I agree with Dr. Cooper who states in his book. The Antioxidant Revolution, that "The amount of antioxidant vitamins you should take is higher than you have been led to believe." Dr. Cooper goes on to state that "appropriate nutritional and antioxidant supplementation will provide the following benefits:

  1. increased protection from many forms of cancer
  2. stronger defenses against cardiovascular disease
  3. preservation of eyesight by prevention of cataracts
  4. delay in the onset of aging
  5. a more powerful immune system
  6. a decreased risk of early Parkinson’s disease and a host of other health advantages."

Even the federal government, as slow as it is to recognize and promote new important health initiatives, has been far ahead of most physicians in recognizing the importance of nutritional supplements. In the National Dietary Supplement Health and Education Act of 1994, Congress made the following specific findings regarding nutritional supplements:

  1. Improving the health status of American citizens ranks at the top of national priorities of the federal government.
  2. The importance of nutrition and the benefits of dietary supplements for health promotion and disease prevention have been documented increasingly in scientific studies.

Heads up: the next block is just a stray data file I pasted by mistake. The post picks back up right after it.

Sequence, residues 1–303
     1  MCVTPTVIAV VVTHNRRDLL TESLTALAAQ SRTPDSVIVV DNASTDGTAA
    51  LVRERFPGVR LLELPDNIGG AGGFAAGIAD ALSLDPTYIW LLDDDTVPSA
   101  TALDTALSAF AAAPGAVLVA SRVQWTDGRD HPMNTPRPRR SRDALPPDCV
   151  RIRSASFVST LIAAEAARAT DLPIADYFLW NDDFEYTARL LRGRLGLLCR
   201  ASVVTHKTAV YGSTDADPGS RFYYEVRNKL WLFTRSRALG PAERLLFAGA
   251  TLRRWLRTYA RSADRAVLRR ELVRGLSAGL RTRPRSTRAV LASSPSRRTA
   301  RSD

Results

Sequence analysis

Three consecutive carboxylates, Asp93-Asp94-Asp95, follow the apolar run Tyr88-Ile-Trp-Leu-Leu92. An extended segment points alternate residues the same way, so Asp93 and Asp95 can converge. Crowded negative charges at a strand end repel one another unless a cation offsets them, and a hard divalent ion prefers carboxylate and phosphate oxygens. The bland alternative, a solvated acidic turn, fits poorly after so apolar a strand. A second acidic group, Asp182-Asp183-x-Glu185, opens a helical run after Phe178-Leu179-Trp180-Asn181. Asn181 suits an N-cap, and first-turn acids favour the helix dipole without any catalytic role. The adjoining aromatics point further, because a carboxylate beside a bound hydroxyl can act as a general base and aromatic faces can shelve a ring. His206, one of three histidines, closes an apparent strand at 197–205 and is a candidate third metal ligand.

3. There is a link between the ingestion of certain nutrients and dietary supplements and the prevention of certain chronic diseases such as cancer, heart disease and osteoporosis.
  4. Preventative health measures, including education, good nutrition and appropriate use of safe nutritional supplements, will limit the incidence of chronic diseases and reduce long-term health care expenditures.
  5. There is a growing need for emphasis on the dissemination of information linking nutrition and long term health.

Unfortunately, many physicians continue to have a myopic point of view with respect to preventive health. Physicians complain loudly about cut backs in Medicare and managed care reimbursement, but do not seem to recognize that if they took a more proactive role in counseling their patients and helping them identify and correct risk factors, there would, as a consequence, be far less chronic disease and far more funding for medical treatment and surgical procedures. I recently met Barry Sears, author of The Zone Diet, in Chicago and he gave an excellent example of how a health plan saved a huge amount of money by simply identifying their diabetic patients and providing them with appropriate dietary counseling.

Finally, physicians need to recognize that in order to successfully motivate their patients, they themselves must set a good example by adopting and adhering to appropriate lifestyle habits of their own. During the past couple years, I personally have made this effort and have been rewarded not only by the encouragement and appreciation of my patients, but also by enhancement of my own health and quality of life.

James D. Dow, MD, is in private practice in Reno, N.V., and is clinical assistant professor at the University of Nevada School of Medicine.